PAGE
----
TOTIN2, 20% NONRESPONSE RATE METHODS OMI HDI3 DRI3 SRI3 MD 14277.427361 -15477.092677 -11059.090609 -9076.980826 Rank 3 4 2 1 MAD 87469.865623 111748.043527 35274.032863 57429.236572 Rank 3 4 1 2 RMSD 244757.995335 297151.501265 114957.425614 148278.489381 Rank 3 4 1 2

A different result for this data set and nonresponse rate was generated. In all the methods used, only the OMI procedure generated positive results which imply that it overestimates the actual values. On the other hand, the three others methods generated negative values which imply that it underestimates the actual values. Far from the results generated above, HDI3 and OMI were the worst and the second to the worst IM in measuring the effectiveness of the method used. All methods generated larger biases than the bias of the population ignoring nonresponse observations. In all the tests, both regression imputation methods proved better than the two other methods. Again, the HDI3 estimates for the MAD and RMSD were almost three times larger than DRI3.
TOTEX2, 30% NONRESPONSE RATE METHODS OMI HDI3 DRI3 SRI3 MD 742.526312 -2021.192269 -7554.607707 1328.061322 Rank 1 3 4 2 MAD 62388.111315 81395.790207 24082.880071 32449.488519 Rank 3 4 1 2 RMSD 151740.940804 71390.645266 59795.667757 72803.602152 Rank 4 2 1 3

In the results above, the OMI procedure fared the best in mean deviation. Similar to the results of the other nonresponse rates, the DRI3 finished last in generating unbiased results for nonresponse observations. OMI and SRI3 mean deviations were better than bias in estimating the population mean ignoring the nonresponse observations. Like the results in the first nonresponse rate of the TOTEX2 variable, both HDI3 and DRI3 generated negative values for mean deviation. It is interesting to note that the mean deviation for this nonresponse rate under TOTEX2 among all nonresponse rates for OMI was the smallest. It indicates that as the nonresponse rate increases, the mean deviation gets larger and larger under this variable. Similar to the previous nonresponse rates, the HDI3 and the OMI fared the worst in the mean absolute deviation and root mean square deviation categories respectively. On the other hand, DRI3 bested all methods for both measures of closeness in all nonresponse rates under TOTEX2.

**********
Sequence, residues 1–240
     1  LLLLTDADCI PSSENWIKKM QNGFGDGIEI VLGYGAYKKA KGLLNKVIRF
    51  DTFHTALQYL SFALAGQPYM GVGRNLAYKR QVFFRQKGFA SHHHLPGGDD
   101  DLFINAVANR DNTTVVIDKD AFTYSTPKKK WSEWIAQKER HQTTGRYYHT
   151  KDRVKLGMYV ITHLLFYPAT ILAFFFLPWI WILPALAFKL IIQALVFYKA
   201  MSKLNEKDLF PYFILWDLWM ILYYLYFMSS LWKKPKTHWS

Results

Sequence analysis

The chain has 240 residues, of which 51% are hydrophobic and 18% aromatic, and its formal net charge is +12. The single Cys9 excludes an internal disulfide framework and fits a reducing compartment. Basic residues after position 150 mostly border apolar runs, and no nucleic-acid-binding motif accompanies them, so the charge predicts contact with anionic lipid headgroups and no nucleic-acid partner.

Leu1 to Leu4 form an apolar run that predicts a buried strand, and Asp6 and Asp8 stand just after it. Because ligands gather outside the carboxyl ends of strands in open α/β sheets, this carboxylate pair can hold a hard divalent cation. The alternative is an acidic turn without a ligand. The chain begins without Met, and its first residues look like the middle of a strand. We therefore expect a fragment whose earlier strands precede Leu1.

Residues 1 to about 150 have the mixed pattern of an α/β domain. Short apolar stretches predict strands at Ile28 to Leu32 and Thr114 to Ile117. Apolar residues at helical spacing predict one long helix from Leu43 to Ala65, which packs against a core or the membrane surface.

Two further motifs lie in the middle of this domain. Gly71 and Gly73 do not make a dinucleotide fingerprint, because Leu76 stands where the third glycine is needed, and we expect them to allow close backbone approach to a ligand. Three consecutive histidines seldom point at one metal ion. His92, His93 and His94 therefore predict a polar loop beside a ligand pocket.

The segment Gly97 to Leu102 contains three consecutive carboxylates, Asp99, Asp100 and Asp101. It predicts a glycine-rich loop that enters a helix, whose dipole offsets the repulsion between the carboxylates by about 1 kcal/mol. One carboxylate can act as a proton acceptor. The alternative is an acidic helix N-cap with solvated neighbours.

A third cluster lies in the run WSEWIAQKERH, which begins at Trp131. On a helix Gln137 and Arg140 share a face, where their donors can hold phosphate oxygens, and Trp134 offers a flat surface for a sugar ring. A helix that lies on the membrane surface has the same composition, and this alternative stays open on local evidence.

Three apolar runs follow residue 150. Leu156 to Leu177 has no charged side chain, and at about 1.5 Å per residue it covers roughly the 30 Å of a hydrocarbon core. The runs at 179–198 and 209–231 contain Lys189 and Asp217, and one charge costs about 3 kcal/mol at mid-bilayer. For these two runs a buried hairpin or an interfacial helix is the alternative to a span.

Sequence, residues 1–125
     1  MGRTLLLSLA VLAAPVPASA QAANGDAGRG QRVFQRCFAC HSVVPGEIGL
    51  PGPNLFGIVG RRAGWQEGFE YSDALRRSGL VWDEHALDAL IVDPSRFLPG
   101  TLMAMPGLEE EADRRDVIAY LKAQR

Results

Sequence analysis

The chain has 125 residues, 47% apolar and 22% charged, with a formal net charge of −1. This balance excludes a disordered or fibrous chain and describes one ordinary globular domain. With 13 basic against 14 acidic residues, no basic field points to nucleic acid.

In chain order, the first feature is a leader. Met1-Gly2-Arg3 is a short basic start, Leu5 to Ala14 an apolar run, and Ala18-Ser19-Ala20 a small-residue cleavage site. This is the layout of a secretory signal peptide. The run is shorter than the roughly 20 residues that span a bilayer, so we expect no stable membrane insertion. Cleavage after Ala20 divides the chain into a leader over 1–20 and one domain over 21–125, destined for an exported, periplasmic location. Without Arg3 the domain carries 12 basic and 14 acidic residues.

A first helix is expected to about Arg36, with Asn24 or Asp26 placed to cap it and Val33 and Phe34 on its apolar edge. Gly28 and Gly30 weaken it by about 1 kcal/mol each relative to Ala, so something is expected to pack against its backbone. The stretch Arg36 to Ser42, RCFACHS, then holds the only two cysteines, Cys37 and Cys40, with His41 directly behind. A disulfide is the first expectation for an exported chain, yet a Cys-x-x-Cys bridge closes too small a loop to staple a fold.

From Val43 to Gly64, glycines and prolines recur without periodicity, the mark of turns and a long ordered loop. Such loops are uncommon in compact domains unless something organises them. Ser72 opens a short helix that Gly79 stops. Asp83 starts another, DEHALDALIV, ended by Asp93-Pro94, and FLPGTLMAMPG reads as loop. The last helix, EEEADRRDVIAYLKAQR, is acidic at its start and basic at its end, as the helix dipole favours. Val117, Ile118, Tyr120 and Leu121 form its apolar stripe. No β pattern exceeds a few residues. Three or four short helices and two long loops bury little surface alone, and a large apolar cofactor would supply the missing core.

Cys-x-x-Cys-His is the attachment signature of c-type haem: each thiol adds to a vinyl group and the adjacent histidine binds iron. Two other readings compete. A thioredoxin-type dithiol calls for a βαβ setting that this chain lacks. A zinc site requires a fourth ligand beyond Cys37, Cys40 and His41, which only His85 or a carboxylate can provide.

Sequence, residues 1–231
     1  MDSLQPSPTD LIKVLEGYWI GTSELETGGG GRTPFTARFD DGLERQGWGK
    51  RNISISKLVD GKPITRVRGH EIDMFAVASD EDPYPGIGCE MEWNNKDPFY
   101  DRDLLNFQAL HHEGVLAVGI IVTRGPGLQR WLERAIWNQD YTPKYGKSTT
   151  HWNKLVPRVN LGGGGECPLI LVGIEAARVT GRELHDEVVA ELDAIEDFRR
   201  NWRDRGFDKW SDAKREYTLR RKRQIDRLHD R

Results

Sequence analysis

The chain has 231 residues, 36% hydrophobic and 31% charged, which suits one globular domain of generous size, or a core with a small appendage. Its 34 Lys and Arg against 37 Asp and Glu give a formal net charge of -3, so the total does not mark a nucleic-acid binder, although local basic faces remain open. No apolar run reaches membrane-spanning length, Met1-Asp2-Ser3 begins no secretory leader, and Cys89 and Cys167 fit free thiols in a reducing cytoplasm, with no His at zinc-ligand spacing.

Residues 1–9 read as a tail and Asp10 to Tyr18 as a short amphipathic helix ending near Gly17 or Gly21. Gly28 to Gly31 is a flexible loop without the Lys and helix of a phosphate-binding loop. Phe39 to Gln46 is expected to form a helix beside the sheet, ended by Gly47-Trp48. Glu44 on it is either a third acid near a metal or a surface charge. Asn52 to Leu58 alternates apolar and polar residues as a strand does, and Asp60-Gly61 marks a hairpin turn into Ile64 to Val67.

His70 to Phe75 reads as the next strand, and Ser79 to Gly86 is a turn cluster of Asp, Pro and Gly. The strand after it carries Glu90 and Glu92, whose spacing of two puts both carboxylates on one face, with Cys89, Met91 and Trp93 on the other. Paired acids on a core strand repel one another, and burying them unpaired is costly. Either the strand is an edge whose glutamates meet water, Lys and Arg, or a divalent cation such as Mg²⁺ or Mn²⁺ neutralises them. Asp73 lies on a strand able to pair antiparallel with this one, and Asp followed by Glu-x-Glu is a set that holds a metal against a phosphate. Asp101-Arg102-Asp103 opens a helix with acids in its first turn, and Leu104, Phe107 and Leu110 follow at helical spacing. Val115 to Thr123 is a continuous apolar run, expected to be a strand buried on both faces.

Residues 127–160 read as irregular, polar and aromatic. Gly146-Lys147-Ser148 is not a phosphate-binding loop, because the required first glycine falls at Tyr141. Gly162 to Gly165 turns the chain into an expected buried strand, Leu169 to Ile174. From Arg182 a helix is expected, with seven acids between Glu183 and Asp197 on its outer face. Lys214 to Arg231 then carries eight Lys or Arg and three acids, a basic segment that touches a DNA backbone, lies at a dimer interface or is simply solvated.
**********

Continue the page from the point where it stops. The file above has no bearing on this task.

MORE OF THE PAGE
TOTIN2, 30% NONRESPONSE RATE METHODS OMI HDI3 DRI3 SRI3 MD 20310.908394 -21695.518140 -13792.599597 1188.309972 Rank 3 4 2 1 MAD 90396.258755 115087.128145 34537.359021 51886.726288 Rank 3 4 1 2 RMSD 271775.351071 313814.916561 103253.122885 131429.611649 Rank 3 4 1 2

The rankings of the second nonresponse rate were exactly the same with the results above. HDI3 values for both measures of closeness were three times larger than best IM for those categories. The regression imputation again bested the other two methods in all criteria. Same as the results from other nonresponse rates under this nonresponse variable, the HDI3 and DRI3 underestimated TOTIN2 and OMI and SRI3

overestimated TOTIN2. Among all the methods, SRI3 has the smallest MD and the only method which has a value lower than ten thousand. While in TOTEX2 wherein the mean deviation of OMI was the smallest, the mean deviation of the TOTIN2 in this nonresponse rate was the largest. Same observation from TOTEX2 under the largest nonresponse rate was applied here. However in TOTEX2, the mean deviation gets even better while here the mean deviation gets worse. To summarize all the results shown above, majority of the measures of the effectiveness of four IMs for imputing nonresponse observation won by the deterministic regression imputation with three imputation classes. It is followed closely by its stochastic counterpart in regression imputation. The measures of effectiveness for the overall mean imputation under both nonresponse variables seemed to get larger and larger as the nonresponse rate gets larger. The measures of effectiveness for the hot deck imputation under income seemed to have same problem as with the overall mean imputation. In hot deck, the mean deviation under income for each nonresponse rate seemed to be decreasing in value.